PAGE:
Intravenous Migraine Treatment in Children and Adolescents.
Purpose of review
Pediatric migraine is a common, chronic, and disabling neurological disorder in children and adolescents. Outpatient management is not always effective, and intravenous migraine management may be necessary for headache treatment in the pediatric emergency department. Most current treatment is based on retrospective evidence and there is a lack of well-designed randomized double-blinded controlled pediatric studies. Intravenous drug treatment agents including intravenous fluids, prochlorperazine, diphenhydramine, metoclopramide, dexamethasone, magnesium, valproate and propofol, and dihydroergotamine are reviewed in this paper.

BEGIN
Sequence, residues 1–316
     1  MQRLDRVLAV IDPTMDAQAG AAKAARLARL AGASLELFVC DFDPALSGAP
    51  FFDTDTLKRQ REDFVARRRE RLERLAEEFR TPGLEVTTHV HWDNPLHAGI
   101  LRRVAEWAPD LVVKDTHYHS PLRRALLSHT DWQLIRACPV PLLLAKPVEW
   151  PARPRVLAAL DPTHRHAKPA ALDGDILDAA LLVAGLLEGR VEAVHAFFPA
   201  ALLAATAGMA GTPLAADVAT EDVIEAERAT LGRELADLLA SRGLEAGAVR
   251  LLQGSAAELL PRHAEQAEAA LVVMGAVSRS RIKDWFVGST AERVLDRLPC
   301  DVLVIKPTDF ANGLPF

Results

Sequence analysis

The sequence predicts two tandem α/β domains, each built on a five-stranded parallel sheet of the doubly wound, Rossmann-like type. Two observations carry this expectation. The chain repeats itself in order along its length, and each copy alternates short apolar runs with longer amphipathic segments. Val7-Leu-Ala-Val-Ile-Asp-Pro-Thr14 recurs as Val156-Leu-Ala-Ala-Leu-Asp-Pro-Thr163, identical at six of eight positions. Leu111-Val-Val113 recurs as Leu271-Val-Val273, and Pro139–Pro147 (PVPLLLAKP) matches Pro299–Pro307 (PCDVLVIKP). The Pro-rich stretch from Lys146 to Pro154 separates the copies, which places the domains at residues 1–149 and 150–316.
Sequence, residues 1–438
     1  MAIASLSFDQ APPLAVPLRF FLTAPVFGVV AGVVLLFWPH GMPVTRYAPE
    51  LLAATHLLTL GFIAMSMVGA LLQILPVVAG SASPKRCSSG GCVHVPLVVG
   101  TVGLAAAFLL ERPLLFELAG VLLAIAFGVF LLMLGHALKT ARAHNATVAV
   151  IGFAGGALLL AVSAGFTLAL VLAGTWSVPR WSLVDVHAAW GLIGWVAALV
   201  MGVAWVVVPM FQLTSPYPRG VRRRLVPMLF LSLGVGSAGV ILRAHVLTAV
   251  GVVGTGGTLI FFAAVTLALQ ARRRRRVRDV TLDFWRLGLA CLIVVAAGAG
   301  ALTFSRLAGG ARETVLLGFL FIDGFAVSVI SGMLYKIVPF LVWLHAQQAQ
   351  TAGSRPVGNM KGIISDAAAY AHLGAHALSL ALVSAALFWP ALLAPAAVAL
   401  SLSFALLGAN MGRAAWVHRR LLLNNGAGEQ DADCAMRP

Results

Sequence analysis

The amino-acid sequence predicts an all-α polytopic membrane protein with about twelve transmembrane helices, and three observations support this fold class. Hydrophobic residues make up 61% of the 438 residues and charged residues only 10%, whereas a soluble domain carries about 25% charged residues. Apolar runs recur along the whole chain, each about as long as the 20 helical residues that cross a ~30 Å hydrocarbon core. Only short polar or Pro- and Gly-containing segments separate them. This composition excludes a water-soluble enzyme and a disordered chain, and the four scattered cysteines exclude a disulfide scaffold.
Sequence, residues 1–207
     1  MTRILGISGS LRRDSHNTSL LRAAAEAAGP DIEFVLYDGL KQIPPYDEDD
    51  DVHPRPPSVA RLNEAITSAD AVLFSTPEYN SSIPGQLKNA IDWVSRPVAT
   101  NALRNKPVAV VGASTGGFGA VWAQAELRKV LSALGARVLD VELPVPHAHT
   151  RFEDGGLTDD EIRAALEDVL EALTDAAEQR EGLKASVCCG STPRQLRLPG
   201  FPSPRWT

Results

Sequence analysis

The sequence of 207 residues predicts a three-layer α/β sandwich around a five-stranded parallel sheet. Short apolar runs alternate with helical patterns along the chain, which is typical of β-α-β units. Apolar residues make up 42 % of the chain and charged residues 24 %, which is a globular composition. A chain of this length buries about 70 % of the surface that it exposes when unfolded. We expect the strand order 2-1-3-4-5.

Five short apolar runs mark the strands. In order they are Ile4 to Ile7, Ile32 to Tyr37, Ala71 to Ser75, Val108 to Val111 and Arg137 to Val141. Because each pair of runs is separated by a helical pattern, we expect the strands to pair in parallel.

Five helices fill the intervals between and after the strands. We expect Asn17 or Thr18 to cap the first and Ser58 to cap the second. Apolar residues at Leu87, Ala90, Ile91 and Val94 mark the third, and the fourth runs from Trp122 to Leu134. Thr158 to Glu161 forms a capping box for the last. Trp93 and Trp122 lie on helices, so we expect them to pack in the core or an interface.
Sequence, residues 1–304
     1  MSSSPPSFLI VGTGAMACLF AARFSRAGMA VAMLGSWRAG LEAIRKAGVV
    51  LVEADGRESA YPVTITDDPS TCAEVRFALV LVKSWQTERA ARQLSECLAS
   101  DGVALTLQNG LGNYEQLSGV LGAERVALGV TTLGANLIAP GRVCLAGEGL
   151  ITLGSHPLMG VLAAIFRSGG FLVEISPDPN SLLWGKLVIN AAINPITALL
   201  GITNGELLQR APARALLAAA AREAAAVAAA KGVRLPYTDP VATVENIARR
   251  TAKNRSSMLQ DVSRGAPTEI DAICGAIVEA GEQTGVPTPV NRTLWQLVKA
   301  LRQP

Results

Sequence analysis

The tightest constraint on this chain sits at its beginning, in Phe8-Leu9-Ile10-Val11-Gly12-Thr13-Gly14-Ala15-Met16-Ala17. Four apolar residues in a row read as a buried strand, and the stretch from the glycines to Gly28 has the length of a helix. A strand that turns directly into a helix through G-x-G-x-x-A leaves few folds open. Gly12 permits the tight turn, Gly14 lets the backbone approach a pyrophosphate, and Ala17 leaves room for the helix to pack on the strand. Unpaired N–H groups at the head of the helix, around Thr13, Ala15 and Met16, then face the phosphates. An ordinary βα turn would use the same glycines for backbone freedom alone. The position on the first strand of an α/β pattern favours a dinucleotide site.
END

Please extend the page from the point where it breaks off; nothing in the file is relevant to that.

Nineteen studies were reviewed including one prospective randomized double-blind; one single-blinded randomized; one prospective; and one open-label, randomized clinical trial. Most studies were retrospective and the quality of the studies was limited. No definite conclusions can be drawn from the studies, but appropriate prospective trials between major pediatric headache institutions will move pediatric intravenous migraine management forward.
Werner, K; Qaiser, S; Kabbouche, M; Murphy, B; Maconochie, I; Hershey, AD
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